For every additional level of recursive depth, a constant amount of memory is required. Notice that on the recursive stack, no vertex may be repeated (except the one at the top, in the current instance, just before the if not visited[u] check), because a vertex must be marked visited before any vertices can be pushed onto the stack above it, and recursion stops when a vertex is encountered which has already been marked visited. Therefore, DFS requires \mathcal{O}(V) additional memory, and can be called "linear space". In practice this is often less than the memory used to store the graph in the first place, if the graph is explicit (\mathcal{O}(E+V) space with an adjacency list).

Non-recursive implementation[edit]

The less-preferred non-recursive implementation cannot be guaranteed to take only \mathcal{O}(V) additional memory, since vertices are not visited immediately after being pushed on the stack (and therefore a vertex may be on the stack several times at any given moment). However, it is also clear that there can be no more than \mathcal{O}(E) vertices on the stack at any given time, because every addition of a vertex to the stack is due to the traversal of an edge (except for that of the initial vertex) and no edge can be traversed more than twice. The stack space is therefore bounded by \mathcal{O}(E), and it is easy to see that a complete graph does indeed meet this upper bound. \mathcal{O}(V) space is also required to store the list of visited vertices, so \mathcal{O}(E+V) space is required overall.

The DFS tree[edit]

Running DFS on a graph starting from a vertex from which all other vertices are reachable produces a depth-first spanning tree or simply DFS tree, because every vertex is visited and no vertex is visited on more than one path from the root (starting vertex). Depth-first spanning trees tend to be tall and slender, because DFS tends to always keep going along one path until it cannot go any further, and, hence, produce relatively long paths. The DFS tree has a number of useful properties that allow efficient solutions to important problems (see the Applications section).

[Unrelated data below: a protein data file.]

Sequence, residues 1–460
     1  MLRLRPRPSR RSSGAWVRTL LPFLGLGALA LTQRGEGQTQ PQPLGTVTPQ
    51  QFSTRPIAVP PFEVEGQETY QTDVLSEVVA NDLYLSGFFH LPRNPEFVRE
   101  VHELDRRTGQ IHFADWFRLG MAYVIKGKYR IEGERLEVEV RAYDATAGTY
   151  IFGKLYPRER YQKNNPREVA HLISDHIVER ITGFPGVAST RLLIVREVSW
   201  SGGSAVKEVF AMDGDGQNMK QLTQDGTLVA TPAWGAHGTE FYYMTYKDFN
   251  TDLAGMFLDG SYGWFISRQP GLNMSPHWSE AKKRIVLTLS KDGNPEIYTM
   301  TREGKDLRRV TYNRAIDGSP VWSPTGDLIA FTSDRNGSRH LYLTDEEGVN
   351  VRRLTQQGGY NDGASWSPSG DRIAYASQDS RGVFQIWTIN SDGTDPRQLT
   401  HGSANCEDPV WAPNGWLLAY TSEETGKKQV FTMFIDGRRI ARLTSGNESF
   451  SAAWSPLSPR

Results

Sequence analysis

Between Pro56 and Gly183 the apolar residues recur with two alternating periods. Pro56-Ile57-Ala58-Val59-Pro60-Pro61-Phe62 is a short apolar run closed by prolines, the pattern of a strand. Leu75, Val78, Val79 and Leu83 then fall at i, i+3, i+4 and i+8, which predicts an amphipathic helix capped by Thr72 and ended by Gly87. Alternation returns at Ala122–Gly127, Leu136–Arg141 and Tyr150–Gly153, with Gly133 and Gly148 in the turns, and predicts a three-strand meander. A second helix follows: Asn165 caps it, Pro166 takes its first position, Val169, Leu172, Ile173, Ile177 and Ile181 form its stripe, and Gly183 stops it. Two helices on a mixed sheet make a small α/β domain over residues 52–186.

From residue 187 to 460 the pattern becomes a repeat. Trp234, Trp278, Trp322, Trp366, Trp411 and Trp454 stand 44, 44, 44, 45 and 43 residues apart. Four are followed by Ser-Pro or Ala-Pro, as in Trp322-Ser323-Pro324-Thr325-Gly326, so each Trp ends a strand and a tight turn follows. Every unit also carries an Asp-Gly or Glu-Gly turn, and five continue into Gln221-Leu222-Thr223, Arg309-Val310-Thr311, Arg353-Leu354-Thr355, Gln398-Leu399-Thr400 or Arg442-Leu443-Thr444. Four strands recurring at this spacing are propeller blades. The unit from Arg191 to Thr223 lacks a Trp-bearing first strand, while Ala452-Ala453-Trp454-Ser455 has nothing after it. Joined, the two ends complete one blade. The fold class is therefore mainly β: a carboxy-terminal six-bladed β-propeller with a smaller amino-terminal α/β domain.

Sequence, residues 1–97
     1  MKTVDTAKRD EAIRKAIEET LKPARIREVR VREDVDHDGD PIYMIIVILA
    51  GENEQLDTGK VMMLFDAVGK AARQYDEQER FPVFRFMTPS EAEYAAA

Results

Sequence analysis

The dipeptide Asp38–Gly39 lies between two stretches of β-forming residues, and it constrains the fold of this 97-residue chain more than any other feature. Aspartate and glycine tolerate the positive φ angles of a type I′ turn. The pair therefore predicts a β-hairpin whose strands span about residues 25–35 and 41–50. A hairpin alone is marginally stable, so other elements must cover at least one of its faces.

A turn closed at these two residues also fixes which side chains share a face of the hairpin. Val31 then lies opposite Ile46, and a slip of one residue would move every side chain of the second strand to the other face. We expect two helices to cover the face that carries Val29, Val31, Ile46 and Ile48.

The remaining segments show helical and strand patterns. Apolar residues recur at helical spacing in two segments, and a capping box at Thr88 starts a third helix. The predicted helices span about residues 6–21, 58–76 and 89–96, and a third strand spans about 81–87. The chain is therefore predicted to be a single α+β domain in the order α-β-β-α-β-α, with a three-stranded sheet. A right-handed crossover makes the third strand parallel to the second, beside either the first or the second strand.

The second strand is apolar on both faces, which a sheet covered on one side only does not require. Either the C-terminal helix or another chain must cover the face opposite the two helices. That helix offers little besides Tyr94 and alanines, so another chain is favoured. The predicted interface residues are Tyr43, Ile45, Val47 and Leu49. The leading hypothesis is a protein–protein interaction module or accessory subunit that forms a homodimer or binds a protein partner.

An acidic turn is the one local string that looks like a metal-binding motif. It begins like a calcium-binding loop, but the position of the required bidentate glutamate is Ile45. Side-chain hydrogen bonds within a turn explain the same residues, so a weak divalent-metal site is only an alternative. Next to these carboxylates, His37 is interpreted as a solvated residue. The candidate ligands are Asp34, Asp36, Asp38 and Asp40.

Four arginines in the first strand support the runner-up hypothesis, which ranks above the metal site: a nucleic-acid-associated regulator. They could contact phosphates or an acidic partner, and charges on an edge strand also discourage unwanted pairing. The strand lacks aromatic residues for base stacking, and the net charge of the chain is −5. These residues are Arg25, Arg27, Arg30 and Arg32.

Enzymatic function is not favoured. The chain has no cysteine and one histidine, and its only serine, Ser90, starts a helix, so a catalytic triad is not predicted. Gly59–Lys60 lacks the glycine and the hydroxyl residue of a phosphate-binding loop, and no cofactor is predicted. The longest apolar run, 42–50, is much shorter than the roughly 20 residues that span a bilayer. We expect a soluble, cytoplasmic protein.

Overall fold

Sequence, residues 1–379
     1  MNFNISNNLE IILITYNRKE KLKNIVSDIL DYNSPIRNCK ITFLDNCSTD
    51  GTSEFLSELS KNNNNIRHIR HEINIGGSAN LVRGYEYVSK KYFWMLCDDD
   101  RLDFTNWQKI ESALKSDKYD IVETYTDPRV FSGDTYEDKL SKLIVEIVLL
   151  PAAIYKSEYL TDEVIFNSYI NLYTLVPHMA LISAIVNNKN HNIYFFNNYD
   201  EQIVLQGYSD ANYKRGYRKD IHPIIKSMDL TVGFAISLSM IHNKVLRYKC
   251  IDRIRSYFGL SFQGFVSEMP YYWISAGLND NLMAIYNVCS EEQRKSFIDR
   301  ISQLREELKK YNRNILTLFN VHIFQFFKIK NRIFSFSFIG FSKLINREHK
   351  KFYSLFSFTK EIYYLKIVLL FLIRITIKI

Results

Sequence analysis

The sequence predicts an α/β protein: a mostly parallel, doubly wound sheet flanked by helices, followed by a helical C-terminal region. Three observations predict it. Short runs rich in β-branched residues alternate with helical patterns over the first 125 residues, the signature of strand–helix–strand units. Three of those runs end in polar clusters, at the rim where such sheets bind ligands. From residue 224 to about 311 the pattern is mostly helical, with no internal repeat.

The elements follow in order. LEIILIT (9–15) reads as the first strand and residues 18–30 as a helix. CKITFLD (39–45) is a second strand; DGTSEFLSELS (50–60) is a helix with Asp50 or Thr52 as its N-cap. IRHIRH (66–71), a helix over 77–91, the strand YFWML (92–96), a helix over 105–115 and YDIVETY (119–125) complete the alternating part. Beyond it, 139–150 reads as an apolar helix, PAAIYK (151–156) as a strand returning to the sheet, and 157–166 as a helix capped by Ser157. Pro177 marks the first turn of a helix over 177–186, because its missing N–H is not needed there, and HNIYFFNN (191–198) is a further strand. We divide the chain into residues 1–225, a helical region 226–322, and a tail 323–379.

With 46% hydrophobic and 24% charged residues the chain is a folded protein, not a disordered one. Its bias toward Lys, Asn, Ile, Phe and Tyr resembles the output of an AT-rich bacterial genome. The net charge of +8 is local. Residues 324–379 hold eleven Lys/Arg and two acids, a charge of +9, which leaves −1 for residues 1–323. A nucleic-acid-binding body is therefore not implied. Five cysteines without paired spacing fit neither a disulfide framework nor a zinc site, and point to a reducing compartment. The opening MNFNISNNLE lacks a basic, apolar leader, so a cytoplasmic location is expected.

Undirected graphs[edit]

When we run DFS on an undirected graph, we generally consider it as a directed graph in which every edge is bidirectional. (This is akin to adding an arrowhead to each end of each edge in a diagram of the graph using circles and line segments.) Running DFS on this graph selects some of the edges (|V|-1 of them, to be specific) to form the spanning tree. Note that these edges point generally away from the source. They are known as tree edges. When we traverse a tree link, we make a recursive call to a previously unvisited vertex. The directed edges running in the reverse direction - from a node to its parent in the DFS tree - are known as parent edges, for obvious reasons. They correspond to a recursive call reaching the end of the function and returning to the caller. The remaining edges are all classified as either down edges or back edges. If a edge points from a node to one of its descendants in the spanning tree rooted at the source vertex, but it is not a tree edge, then it is a down edge; otherwise, it points to an ancestor, and if it is not a parent edge then it is a back edge. In the recursive implementation given, encountering either a down edge or a back edge results in an immediate return as the vertex has already been visited. Evidently, the reverse of a down edge is always a back edge and vice versa.

Every (directed) edge in the graph must be classifiable into one of the four categories: tree, parent, down, or back. To see this, suppose that the edge from node A to node B in some graph does fit into any of these categories. Then, in the spanning tree, A is neither an ancestor nor a descendant of B. This means that the lowest common ancestor of A and B in the spanning tree (which we will denote as C) is neither A nor B. Evidently, C is visited before either A or B, and A and B lie in different subtrees rooted at immediate children of C. So at some point C has been visited but none of its descendants have been visited. Now, because DFS always visits an entire subtree of the current vertex before backtracking and entering another subtree, the entire subtree containing either A or B (whichever one is visited first) must be explored before visiting the subtree containing the other. Suppose the subtree containing A is visited first. Then, when A is visited, B has not yet been visited, and thus the edge between them must be a tree edge, which is a contradiction.